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The Daily Tar Heel

Marissa Barbalato


News

Helping Paws fashion show benefits Animal Services Center

Both two- and four-legged models graced the runway Saturday to help raise money for animal welfare.UNC’s Helping Paws held a fundraising fashion show Saturday night in the Student Union to benefit the Orange County Animal Services Center.The group sold more than 200 tickets, the money from which will go to the center’s spay-and-neuter initiatives.“The idea has been circulating several years” said Alex Lane, a co-chairwoman of Helping Paws.

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Voter-owned elections spread

Other cities in the state are following Chapel Hill’s lead by supporting movements toward public financing in municipal elections. Associate Director of Democracy North Carolina Jennifer Frye said cities including Raleigh, Winston-Salem and Asheville have passed resolutions in support of programs like Chapel Hill’s pilot voter-owned elections initiative, but the ordinances must be approved by the state first.

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Schools learn across borders

A partnership with a school in Mexico will soon broaden the horizons of local students. Carrboro High School, along with seven other schools in Chatham, Durham, Orange and Wake counties, was selected by the Center for International Understanding at UNC to collaborate with schools in Guanajuato, Mexico.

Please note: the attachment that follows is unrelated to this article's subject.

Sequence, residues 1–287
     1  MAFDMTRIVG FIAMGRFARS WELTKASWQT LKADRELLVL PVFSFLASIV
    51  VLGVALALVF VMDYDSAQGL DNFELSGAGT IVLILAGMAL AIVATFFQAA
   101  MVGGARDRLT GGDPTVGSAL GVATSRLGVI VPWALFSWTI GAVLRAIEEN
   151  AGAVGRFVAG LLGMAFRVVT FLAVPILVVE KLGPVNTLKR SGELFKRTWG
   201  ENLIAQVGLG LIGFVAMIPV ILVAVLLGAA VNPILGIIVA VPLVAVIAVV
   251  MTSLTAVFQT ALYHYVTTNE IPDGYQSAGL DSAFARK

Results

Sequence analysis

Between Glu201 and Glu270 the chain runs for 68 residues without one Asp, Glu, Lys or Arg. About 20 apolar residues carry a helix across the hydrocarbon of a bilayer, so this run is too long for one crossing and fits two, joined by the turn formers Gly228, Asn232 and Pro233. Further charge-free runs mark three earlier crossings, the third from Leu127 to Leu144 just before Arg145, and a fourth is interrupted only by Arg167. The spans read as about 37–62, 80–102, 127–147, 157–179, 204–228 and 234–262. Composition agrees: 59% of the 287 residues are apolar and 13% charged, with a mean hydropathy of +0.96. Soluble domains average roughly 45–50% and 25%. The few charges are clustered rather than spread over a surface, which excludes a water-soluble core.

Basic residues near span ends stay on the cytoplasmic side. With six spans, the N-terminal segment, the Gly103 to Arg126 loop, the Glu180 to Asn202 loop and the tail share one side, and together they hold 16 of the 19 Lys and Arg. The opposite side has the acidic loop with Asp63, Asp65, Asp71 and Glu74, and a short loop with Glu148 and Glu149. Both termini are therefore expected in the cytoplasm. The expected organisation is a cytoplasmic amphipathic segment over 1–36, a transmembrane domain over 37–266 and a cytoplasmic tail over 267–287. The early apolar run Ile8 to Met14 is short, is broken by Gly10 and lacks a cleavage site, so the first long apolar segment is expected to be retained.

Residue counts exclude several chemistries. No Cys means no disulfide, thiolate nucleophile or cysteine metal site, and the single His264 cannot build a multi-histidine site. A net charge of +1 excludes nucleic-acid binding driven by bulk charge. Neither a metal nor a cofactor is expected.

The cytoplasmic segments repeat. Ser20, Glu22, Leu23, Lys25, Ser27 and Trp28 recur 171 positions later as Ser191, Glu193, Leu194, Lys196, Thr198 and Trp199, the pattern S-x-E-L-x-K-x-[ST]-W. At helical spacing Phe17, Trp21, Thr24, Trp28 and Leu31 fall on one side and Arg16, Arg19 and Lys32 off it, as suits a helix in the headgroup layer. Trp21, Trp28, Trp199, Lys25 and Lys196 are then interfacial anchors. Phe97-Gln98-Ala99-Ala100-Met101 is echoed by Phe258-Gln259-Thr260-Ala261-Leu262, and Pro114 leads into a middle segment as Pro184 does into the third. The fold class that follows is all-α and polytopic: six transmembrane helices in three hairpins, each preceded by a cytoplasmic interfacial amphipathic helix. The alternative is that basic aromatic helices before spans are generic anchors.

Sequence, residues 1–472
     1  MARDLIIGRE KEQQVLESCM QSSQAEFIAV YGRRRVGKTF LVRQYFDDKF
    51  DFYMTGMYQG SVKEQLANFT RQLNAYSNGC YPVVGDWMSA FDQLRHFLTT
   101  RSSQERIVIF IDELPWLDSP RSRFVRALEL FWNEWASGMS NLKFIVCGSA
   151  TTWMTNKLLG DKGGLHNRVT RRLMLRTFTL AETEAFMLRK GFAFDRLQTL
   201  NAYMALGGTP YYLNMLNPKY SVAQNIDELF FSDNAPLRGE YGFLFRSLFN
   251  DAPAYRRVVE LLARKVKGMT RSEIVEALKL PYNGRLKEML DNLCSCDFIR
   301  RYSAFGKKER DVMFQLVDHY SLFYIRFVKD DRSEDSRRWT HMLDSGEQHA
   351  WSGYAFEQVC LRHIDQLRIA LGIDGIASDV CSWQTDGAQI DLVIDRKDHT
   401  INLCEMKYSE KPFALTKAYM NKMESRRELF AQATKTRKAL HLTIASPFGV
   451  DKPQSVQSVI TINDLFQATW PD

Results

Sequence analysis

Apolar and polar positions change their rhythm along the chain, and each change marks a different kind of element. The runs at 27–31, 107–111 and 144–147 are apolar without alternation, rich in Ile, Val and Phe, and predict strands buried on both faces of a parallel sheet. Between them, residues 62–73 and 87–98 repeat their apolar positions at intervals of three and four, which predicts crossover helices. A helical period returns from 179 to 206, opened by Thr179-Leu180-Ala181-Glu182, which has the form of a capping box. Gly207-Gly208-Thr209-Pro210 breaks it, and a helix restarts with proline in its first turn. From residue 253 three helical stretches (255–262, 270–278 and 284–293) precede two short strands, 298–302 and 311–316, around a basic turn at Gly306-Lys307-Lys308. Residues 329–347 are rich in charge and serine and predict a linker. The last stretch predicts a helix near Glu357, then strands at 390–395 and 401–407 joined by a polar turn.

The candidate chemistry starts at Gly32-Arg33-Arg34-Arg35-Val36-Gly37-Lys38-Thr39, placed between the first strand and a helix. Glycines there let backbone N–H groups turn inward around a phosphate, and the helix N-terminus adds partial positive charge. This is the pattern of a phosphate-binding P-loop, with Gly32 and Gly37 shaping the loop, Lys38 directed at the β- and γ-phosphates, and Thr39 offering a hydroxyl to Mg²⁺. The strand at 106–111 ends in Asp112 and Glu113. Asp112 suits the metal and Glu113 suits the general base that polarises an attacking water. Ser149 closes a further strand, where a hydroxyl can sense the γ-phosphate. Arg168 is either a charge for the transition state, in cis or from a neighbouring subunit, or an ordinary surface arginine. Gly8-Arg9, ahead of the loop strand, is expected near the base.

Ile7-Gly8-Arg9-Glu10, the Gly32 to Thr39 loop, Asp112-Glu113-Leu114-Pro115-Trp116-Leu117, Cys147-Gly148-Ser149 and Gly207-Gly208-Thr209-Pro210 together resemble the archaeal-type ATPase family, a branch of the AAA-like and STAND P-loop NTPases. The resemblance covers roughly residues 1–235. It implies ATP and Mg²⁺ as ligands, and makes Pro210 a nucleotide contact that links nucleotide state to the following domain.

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"Turn the Town Pink" event raises money for Comprehensive Cancer Support Program

More than 40 local businesses are partnering with UNC to raise money for cancer research throughout the month of October. “Turn the Town Pink” is a month-long campaign to raise money for the Lineberger Comprehensive Cancer Support Program, which supports cancer patients and their families by providing them with nutritional information and other services. Mary Seagroves, the Lineberger special events coordinator, said this is the event’s second year. “Last year the campaign raised just under $10,000, so this year we’re hoping to double that and get close to $20,000,” Seagroves said.

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300 E. Main project waits on Funding

300 East Main Street will transition from a one-story strip mall to a 5.5-acre fully developed complex, but the development won’t be completed for at least five more years, said Main Street Properties spokeswoman Laura Van Sant.

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